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This paper is part of a series collating literature, resources, and actions that have focused on efforts to create change in the aid sector, developed in support of systems change initiative, theRINGO Project(Reimagining the INGO). This paper considers the topic of ‘business operating models’ with the intent to help keep practitioners up to date with the evolving discussions in this area and promote awareness of initiatives among aid and development actors. It seeks to contribute to fostering a collaborative and reflective space, as a useful resource to invite discussion and contemplation, a ‘conversation starter’ as to what is defined as ‘disruptive’ transformational change and how the sector can work to meaningfully achieve this paradigm shift. 

Many transformative business efforts begin with `reinventing the operating model’, such as seeking to interconnect profit with purpose and tying returns to the impact. Consequently, across a range of sectors, including artificial intelligence (AI), digital, the Internet of Things (IoT), process automation, and others, it’s been recognised that businesses “are shifting value from manufacturers and distributors over to companies that operate end-to-end platforms and provide outcomes as-a- service”.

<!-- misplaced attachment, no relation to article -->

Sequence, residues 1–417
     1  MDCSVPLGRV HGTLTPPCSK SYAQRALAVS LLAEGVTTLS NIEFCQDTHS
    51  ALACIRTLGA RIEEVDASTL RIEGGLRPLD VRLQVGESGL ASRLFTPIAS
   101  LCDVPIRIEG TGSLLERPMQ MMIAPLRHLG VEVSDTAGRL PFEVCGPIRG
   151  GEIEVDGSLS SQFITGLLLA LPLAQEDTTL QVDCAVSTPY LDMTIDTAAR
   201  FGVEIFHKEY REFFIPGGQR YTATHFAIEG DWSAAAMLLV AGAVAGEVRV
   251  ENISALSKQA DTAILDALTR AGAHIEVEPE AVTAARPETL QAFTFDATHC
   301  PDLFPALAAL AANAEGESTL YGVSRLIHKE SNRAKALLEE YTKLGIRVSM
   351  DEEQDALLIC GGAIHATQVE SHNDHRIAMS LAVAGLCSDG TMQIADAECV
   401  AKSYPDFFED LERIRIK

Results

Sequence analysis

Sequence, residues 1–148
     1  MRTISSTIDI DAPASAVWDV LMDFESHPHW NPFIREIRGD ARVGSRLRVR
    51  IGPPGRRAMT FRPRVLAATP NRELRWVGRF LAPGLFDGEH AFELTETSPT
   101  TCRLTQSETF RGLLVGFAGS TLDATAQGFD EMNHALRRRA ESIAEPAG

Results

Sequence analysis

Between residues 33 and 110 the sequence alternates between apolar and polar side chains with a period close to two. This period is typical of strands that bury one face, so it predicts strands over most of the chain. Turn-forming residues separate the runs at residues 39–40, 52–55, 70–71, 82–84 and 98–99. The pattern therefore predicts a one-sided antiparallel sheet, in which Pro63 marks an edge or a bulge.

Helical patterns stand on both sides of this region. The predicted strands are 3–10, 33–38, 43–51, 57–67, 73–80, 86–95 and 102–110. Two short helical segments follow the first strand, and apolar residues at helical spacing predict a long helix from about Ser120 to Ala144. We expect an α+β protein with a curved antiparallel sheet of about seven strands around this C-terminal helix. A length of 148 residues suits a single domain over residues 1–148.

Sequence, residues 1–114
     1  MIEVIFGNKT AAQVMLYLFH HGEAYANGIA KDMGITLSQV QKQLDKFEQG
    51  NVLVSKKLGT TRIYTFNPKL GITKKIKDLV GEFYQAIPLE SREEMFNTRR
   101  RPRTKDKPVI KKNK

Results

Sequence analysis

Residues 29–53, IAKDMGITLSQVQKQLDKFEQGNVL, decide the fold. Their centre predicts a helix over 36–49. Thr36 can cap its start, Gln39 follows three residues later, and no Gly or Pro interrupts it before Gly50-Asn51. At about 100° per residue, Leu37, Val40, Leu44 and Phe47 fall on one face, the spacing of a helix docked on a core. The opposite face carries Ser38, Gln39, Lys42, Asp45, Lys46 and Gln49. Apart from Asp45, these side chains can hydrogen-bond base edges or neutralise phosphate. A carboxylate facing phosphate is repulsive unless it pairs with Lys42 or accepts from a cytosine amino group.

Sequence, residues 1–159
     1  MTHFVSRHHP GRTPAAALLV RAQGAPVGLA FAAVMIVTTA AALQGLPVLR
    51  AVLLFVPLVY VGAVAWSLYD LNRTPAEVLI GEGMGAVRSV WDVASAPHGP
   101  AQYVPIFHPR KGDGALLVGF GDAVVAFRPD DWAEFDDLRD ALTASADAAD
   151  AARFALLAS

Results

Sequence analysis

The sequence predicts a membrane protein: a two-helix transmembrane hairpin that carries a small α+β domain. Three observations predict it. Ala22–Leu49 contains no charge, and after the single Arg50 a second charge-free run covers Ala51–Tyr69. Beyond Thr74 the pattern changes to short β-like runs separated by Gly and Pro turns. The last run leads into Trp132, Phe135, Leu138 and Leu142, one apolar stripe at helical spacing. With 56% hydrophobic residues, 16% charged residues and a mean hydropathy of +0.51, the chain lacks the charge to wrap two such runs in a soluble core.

Since the early 2010s, the aid and development sector has been investing funding in ‘innovation practice’, such as establishing ‘innovation labs’ in efforts to accelerate impact, and borrowing initiatives from across business and technology sectors. While this has its challenges for application to the aid sector, there are informative and, in some cases, pioneering approaches to business operating models taking place across sectors, that offer interesting examples of operating differently that the humanitarian sector can take inspiration from. This section brings together some of these approaches, drawing from business, technology, and finance to human rights and development, sustainability, and climate change sectors.

‘Transformation in the aid and development sector?’ is proudly presented by Centre for Humanitarian Leadership and Rights CoLab as part of the RINGO project, with the generous support of the IKEA Foundation.
Learn more about the series and read the other papers here.

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